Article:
Movement 1: Agnus Dei
Movement 2: Beat! beat! drums!
Movement 3: Reconciliation Word over all, beautiful as the sky
Sir Thomas Allen (baritone), Judith Howarth (soprano), Corydon Singers, Corydon Orchestra, Matthew Best (conductor)
Movement 4: Dirge for two veterans The last sunbeam
Movement 5: The Angel of Death has been abroad
In the event, Vaughan Williams’s warnings and entreaties went unheeded. But the humanitarian warmth and splendour of his vision remains; and, after all, if the day ever dawns when composers fail to speak out through the medium of their art against mankind’s seemingly illimitable folly and wickedness, we shall be in a poor way, to put it mildly.
1) The soprano solo leads the forces of apprehensive humanity (the chorus) in their quest for peace. At the end the drums of war are heard in the far distance.
2) War erupts: nothing and nobody is inviolate. The Whitman setting is dominated by beating drums and blowing bugles, inbuilt in the music even when the text isn’t directly referring to them. In an inspired transition (Vaughan Williams no less than Britten was a master of the seamless scene-change) the drums of war turn into the lapping, laving rhythms of …
3) Reconciliation. The ‘enemy’ is dead—‘a man as divine as myself’, as in Wilfred Owen’s ‘Strange Meeting’—and music of transcendent beauty and simplicity warms and cleanses the world.
4) Dirge for Two Veterans. A second drum-study. This time the drums are not of war but of its aftermath—death, and burial. Vaughan Williams based this movement on an earlier setting of the same words made before his mature style had crystallized. This works to his advantage since the music has a kind of rude solidity and strength which a more sophisticated musical language might have mellowed. It would be easy to sentimentalize Whitman here, and this Vaughan Williams resolutely avoids.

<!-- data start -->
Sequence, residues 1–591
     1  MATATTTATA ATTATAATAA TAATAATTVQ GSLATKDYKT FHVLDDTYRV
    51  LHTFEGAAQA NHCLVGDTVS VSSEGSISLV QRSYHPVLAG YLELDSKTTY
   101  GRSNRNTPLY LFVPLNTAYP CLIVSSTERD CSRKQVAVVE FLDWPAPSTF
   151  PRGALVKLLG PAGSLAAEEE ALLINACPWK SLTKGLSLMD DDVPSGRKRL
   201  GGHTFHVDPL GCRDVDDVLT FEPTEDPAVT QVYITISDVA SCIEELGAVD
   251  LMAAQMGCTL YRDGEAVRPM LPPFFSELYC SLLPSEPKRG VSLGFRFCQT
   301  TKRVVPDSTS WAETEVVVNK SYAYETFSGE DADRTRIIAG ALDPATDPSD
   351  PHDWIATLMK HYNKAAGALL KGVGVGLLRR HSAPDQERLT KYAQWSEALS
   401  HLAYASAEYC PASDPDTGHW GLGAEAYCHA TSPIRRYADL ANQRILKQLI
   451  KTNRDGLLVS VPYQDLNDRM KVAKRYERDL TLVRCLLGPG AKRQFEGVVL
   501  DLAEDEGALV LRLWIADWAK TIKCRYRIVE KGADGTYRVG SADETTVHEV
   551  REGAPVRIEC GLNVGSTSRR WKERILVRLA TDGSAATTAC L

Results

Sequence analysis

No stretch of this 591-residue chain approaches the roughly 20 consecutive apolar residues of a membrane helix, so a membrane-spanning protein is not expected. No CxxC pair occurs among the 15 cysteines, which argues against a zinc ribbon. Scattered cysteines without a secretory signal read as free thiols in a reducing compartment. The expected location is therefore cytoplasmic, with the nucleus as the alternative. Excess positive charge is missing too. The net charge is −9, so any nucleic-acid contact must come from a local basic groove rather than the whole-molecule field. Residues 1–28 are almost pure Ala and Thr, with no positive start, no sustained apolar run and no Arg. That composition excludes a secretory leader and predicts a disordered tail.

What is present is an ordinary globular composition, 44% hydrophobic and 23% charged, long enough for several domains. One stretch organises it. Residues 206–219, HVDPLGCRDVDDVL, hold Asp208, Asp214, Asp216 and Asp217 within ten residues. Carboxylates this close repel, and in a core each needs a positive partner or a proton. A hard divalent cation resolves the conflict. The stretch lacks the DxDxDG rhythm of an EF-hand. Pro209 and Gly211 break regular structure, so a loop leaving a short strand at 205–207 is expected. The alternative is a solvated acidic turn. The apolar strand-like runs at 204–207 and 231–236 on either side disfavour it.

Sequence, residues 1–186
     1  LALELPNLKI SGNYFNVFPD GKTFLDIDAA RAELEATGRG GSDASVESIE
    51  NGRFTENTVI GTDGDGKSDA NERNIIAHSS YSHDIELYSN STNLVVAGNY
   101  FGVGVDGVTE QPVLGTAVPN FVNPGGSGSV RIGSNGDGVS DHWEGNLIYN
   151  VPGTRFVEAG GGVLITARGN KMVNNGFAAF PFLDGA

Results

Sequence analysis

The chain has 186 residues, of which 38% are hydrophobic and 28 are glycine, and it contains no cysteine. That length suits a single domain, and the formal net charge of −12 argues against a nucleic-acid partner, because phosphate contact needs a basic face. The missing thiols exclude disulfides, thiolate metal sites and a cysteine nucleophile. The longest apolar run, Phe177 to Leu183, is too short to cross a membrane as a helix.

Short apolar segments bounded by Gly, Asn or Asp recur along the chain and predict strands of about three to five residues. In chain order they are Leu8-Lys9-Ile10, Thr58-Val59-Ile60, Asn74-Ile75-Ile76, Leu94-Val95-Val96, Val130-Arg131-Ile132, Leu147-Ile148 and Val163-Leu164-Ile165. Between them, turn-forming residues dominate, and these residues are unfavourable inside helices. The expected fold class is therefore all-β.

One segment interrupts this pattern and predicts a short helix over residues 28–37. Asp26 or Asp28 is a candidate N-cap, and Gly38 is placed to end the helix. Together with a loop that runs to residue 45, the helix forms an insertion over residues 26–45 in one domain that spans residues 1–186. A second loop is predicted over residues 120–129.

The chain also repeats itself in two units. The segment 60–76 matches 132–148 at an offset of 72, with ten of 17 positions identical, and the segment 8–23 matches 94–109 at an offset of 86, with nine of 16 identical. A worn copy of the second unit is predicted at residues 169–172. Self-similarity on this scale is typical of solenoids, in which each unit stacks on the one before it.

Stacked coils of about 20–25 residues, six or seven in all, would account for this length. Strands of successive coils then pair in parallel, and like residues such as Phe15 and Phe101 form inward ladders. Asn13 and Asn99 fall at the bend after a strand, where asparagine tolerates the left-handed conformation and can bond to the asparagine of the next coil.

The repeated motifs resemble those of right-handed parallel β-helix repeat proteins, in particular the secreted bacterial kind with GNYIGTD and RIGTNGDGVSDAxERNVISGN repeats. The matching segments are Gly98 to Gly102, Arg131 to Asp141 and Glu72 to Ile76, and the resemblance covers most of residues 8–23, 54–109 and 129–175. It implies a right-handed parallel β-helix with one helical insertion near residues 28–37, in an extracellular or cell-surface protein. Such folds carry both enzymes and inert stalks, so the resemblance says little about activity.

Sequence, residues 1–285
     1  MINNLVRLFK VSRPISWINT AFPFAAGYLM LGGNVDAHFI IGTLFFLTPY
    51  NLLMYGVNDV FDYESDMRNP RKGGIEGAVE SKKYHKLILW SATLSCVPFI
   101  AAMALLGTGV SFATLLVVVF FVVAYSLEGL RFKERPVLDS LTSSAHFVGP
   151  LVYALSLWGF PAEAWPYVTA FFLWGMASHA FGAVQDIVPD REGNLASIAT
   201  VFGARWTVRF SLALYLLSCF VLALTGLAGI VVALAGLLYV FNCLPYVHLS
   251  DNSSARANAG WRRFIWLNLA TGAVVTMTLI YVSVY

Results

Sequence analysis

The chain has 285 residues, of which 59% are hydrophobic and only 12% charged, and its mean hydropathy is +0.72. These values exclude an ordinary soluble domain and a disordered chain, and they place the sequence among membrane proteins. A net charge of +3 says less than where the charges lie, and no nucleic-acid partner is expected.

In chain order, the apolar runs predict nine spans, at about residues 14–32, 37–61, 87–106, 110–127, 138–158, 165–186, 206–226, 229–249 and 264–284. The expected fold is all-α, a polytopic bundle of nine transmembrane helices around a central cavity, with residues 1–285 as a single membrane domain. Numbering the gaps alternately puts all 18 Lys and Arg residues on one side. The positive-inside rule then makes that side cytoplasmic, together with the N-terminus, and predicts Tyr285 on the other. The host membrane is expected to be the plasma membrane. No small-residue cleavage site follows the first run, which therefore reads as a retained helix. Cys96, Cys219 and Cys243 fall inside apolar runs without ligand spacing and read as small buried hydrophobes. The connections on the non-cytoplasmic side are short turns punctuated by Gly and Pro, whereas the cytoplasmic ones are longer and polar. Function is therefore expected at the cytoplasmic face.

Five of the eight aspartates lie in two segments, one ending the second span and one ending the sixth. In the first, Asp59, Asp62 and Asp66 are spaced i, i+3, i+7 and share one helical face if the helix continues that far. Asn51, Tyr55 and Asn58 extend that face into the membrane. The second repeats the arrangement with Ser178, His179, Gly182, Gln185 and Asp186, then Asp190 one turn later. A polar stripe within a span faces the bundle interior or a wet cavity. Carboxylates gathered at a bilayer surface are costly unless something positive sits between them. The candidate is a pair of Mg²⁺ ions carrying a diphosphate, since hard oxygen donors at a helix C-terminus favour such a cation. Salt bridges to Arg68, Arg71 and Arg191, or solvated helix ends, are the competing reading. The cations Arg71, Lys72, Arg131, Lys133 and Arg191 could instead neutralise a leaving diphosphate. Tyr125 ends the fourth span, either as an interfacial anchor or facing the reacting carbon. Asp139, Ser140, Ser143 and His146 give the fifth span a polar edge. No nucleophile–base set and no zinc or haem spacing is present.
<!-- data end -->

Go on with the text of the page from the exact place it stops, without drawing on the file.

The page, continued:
5) The ostinato bass which plays out the ‘veterans’ now plays in the Angel of Death. The snorting of Dan’s horses momentarily recalls the apocalyptic equine visions of Sancta Civitas, but these are soon dispelled by one of the work’s most magical moments, the solo baritone’s reassuring ‘O man, greatly beloved, fear not, peace be unto thee’. Chorus basses intone the great text from Micah, almost every word a poem: ‘Nation shall not lift up a sword against nation, neither shall they learn war any more.’ The word spreads among all instruments and tongues in prospect of a New Jerusalem: bells ring out in a riotous succession of keys and peals, and what better than C major for the Christmas climax: ‘On earth peace, goodwill toward men’? As the sounds of the heavenly host move out of earshot the soprano solo rises from them with a final reiteration of her entreaty: hers alone is the voice that lingers at the end like a solitary ray of hope, a light in the night.
from notes by Christopher Palmer © 1993